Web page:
A woman who wishes to become a surrogate fills out a super long, in-depth application; gets checked out physically and mentally; and has her background checked to make sure she isn’t really the missing Anastasia. Then she waits to hear back from the agency for the green light.
If she’s cleared, she’s put in a database with other women in the same situation and waits to be chosen by an Intended Parent (IP). It’s up to the agency to find and match suitable surrogates with IPs. You want to be on this journey with someone you get along or “click” with. This is very important and sometimes it’s an instantaneous click and sometimes it’s not. Even if a woman has been a surrogate before she still has to go through this process each time she re-applies.
Once this stage of the process is complete–and it can take months to get matched–she steps into the legal process. A legal contract for both parties to review is provided by the IP’s lawyer and reviewed with the surrogate by her lawyer. Luckily, SAI works with specially trained fertility-law specialists who know what they are doing and have been doing it for decades. However, the law is the law. There are mountains of paperwork which are a necessary evil (and a good sleeping aid) to get through.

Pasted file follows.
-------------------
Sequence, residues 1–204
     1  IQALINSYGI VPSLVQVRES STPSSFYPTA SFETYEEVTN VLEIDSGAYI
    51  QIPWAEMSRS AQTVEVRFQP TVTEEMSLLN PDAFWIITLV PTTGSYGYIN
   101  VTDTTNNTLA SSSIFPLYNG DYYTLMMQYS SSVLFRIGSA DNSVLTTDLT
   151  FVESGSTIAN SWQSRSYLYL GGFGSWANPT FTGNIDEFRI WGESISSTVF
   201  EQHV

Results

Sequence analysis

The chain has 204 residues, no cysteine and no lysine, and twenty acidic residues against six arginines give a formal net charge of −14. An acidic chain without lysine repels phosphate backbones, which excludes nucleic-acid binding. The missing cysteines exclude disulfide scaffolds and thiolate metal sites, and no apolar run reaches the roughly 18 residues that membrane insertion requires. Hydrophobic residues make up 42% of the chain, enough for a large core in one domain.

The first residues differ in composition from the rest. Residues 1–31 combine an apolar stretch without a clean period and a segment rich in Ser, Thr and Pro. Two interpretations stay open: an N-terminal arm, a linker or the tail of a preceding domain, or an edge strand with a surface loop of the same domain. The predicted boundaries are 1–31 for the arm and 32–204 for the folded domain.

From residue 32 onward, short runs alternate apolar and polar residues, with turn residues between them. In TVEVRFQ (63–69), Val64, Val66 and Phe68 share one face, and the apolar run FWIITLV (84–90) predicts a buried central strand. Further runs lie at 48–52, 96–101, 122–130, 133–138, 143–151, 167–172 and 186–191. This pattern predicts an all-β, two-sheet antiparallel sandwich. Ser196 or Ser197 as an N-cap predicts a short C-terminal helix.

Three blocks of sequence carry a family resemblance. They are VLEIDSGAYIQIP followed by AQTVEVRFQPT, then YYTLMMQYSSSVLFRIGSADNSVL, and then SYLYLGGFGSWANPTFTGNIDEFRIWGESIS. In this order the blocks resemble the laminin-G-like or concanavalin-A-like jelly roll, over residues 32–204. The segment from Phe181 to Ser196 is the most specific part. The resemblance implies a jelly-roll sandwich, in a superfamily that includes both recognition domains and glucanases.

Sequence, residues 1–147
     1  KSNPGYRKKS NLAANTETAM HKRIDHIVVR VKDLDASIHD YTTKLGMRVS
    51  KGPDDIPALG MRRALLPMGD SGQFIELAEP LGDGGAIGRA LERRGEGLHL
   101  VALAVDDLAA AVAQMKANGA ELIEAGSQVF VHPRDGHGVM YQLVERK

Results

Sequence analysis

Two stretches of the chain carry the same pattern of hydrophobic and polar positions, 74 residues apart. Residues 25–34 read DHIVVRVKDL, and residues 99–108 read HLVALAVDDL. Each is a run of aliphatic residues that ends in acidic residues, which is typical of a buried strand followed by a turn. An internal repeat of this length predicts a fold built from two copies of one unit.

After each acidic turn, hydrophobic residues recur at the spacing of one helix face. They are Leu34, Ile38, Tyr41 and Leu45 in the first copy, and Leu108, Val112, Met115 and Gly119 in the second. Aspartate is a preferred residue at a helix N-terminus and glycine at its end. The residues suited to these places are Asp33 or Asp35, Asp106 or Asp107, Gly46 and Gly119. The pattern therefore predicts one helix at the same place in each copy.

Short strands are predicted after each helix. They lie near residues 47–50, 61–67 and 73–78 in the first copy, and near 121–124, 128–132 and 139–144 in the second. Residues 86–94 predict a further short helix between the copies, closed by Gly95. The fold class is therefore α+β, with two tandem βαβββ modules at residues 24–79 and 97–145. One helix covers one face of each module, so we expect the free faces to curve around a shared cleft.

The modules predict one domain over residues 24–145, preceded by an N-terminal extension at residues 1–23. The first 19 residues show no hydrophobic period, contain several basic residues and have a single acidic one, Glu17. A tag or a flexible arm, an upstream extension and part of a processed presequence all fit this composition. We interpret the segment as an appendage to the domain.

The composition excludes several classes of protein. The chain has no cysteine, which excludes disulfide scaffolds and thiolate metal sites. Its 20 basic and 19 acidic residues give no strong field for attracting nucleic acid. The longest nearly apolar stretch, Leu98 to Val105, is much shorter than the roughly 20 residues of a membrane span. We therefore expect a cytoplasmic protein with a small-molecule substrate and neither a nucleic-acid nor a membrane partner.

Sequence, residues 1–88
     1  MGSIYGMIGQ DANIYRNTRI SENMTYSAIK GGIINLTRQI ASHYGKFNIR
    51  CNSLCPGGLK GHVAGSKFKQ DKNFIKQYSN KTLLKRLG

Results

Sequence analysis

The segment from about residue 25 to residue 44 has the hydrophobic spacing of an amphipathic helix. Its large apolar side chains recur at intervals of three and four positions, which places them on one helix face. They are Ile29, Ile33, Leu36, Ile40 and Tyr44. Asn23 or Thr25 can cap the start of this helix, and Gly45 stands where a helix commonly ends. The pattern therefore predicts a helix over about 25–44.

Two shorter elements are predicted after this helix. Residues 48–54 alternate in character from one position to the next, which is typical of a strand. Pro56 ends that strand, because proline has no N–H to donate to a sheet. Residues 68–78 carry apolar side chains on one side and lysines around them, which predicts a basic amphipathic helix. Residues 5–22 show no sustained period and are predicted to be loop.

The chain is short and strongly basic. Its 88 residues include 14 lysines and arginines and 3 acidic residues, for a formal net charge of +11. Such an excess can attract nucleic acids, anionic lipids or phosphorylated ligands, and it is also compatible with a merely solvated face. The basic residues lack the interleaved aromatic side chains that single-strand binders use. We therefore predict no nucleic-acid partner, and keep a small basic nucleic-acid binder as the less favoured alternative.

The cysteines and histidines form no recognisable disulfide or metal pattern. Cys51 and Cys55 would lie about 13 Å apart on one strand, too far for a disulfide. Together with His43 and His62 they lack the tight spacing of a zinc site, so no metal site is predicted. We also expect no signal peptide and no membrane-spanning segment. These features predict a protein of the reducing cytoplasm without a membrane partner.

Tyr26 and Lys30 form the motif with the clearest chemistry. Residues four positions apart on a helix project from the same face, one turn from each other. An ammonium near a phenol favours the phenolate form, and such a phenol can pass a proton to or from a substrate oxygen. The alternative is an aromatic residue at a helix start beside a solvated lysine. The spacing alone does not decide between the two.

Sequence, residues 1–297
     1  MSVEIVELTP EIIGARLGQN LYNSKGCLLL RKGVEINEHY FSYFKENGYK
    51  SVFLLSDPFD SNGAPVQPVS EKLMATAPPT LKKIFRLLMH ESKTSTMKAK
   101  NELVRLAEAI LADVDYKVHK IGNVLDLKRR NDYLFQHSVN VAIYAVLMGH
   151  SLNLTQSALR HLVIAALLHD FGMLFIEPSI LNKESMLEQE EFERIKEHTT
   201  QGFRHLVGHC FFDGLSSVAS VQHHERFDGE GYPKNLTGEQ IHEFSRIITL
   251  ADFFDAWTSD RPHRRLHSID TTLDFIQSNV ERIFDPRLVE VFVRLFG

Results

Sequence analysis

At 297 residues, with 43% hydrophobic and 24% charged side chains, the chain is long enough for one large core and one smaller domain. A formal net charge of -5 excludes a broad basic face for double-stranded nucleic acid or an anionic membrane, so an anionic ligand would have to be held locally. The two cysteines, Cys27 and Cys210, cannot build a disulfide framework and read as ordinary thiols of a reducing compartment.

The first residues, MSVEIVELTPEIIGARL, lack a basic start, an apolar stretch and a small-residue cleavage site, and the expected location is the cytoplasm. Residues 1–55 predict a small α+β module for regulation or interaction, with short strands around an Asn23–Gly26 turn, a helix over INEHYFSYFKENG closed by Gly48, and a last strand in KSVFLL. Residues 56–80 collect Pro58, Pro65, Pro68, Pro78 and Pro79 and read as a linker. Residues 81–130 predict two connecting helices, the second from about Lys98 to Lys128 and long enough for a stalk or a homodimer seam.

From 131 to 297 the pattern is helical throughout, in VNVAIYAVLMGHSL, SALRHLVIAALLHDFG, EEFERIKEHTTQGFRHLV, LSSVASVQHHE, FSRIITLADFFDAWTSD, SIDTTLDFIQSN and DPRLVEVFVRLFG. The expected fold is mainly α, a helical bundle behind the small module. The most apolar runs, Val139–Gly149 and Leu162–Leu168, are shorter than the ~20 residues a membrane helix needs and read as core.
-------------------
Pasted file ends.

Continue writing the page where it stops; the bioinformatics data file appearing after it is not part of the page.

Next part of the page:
After everything is all legal eagle–which can take a month or more–it’s time to either match up cycles with the egg donor or IP (if using fresh embryos) or straight on to the poking and prodding (if the IPs have frozen embryos). Either way, this is part of the journey usually takes another month and is full of fun things like vaginal ultrasounds, peeing in a cup, different hormonal injections and daily medication. When using a gestational surrogate, the body must be “tricked” into thinking it’s pregnant so it won’t reject a foreign embryo. Hooray for science! But again… it’s the wait is about another month or so.